Side event HRC: The differences of De-radicalisation

DAESH has had an increasing impact in Europe over these last few years, but they are not the only terrorist group in the world. Their actions vastly differ compared to previous terrorist groups in Europe which makes it difficult to stop them as they are completely unpredictable. DAESH´s movement are completely different as their targeted victims are random, which creates a greater impact in society as it especially affects ordinary people.

Furthermore, the use of social media contributes to the fast expansion of their ideology, which brings forward the global argument that countries should create a coordinated media security as soon as possible.  This would mean considering where the limits of freedom of education are, and of non-discrimination in order to protect civilians’ security.

In order to fight against this extremism, different nations are using different techniques in order to control it. Belgium has decided to prevent those who left the country to join ISIS from coming back home by increasing the penalties in law. On the other hand, Denmark, after achieving de-radicalism of neo-Nazis, considered giving them a second chance. Other countries find themselves contemplating between these two different positions. Dr. Farhad Khosrokhavar brought out the idea of avoiding a generalized treatment in this de-radicalization process, which takes three different notions in consideration.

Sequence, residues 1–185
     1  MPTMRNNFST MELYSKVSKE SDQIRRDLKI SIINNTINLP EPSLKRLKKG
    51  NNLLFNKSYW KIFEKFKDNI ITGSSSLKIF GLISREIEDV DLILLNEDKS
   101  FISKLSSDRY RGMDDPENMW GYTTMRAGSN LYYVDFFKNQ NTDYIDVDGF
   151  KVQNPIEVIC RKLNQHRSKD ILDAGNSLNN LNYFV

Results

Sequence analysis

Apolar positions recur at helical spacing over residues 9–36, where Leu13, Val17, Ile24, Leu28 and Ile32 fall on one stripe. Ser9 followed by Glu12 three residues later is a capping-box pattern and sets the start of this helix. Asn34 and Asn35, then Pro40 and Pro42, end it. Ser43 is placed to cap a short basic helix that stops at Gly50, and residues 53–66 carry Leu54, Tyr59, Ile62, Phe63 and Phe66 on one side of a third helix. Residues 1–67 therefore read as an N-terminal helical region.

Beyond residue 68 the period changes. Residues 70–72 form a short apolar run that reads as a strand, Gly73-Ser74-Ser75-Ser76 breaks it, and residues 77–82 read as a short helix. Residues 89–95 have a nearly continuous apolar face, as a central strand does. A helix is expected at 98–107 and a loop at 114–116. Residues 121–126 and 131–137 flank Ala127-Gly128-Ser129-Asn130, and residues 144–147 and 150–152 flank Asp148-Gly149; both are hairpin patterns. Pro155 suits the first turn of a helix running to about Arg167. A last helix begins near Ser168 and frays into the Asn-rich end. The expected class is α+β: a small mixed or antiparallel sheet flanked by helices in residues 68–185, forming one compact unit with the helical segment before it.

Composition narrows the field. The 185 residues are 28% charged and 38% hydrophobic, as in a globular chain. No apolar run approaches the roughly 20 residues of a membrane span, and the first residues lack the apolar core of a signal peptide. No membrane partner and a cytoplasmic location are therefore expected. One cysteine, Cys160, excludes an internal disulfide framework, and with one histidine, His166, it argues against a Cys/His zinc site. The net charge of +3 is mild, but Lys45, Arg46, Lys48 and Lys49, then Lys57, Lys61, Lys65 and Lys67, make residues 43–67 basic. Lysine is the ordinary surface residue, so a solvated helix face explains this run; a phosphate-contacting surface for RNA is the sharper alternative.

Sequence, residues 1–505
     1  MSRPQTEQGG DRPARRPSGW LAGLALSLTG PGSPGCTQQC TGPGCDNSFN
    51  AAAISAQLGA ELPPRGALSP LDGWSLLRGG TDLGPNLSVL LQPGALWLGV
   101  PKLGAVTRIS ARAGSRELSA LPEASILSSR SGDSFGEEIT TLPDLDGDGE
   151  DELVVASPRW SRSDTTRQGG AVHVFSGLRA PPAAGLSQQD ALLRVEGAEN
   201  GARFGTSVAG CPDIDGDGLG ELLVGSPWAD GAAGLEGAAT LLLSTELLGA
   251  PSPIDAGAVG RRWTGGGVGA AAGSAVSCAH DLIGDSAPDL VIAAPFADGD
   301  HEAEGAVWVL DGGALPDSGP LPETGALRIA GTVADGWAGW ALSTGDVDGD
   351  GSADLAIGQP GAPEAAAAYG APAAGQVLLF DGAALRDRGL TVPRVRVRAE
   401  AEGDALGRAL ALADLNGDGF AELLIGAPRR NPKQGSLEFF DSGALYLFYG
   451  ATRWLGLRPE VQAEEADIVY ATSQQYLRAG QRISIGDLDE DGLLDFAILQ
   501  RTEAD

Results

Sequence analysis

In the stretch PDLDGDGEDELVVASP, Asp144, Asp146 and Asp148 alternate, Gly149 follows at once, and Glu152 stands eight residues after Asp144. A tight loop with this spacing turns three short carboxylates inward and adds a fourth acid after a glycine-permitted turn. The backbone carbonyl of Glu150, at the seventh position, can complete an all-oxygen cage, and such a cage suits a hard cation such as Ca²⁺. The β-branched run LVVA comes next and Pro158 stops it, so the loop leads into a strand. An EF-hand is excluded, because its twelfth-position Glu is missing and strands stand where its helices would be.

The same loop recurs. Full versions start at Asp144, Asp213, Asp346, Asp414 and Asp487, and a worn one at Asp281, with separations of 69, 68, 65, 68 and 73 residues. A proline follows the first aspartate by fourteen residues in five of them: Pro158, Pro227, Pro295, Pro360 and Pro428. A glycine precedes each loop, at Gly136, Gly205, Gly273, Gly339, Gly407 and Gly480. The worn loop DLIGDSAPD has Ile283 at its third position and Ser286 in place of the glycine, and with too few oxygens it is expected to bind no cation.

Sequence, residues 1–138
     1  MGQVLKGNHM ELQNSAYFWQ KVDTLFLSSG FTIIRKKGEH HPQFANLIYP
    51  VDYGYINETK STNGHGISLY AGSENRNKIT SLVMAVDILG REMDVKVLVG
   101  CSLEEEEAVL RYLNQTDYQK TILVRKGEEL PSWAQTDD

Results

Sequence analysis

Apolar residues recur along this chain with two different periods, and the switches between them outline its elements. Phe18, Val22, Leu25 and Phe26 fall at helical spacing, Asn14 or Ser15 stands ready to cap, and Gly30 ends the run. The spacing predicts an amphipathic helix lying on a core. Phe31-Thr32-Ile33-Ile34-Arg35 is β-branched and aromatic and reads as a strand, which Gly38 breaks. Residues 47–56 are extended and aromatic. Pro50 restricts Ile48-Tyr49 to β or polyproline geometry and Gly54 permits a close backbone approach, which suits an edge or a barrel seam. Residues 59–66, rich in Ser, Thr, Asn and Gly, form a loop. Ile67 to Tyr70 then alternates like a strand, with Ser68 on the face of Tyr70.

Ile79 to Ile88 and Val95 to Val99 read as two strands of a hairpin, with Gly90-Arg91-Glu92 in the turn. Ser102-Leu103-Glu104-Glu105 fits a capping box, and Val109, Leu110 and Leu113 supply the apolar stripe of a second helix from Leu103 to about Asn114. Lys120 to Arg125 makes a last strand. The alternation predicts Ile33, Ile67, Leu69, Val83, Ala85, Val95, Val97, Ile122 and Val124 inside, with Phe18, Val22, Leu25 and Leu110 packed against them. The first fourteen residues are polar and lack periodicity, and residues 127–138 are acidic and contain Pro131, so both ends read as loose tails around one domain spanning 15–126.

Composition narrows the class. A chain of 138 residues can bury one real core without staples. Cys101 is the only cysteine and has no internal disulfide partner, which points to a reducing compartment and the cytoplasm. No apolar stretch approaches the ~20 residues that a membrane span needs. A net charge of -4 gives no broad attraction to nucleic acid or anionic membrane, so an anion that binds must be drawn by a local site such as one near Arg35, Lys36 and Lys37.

• Differences among nations: Each country has its own history and culture. So countries must take into consideration that every nation has its own procedure which can be influenced at some point by others, but will not necessarily be the same.
  • Different people: Radicalized people can be very different, woman groups are on the rise, which makes up to more than 10% of all groups, and have many peculiarities compared to men. Another new group is the middle class, which has also increased in the last years. The third group is of young radicalized, teenagers who follow more intensively than just ideological motivations. And finally the converts, which can be between 8% and 25% depending on the country.
  • Different people that return. People that come back can have different reasons or circumstances for choosing to do that. One group is the repentant, people rejecting the radicalized jihadism with which they have been living for the past months. Another group is the ambivalent, people in instable situations, which are confused and that can become really dangerous. Third group is the intransigent, people convinced their point of view is the only correct one, and who see the west society as enemies: this group can be very dangerous as their faith cannot be disputed. Finally, the last group are the traumatized, people who have seen violence and horrors which are potentially dangerous, not for ideological reasons but for pathological reasons.

After taking these different groups into consideration, we can clearly see that it is not only a matter about religion. As Dr. Hervé Gonsolin claimed, “religion is just the instrument which extremists and governments have used throughout history for justifying political affairs and to convince people to join them”. This is where states must become involved in the process of de-radicalization, listening and caring about the potential extremist communities. Mr. Reda Benkirane argued that giving them “alternatives against this extremist ideology” may convince and avoid these communities from becoming violent, and help them distinguish between religion and politics.

Pere Grau





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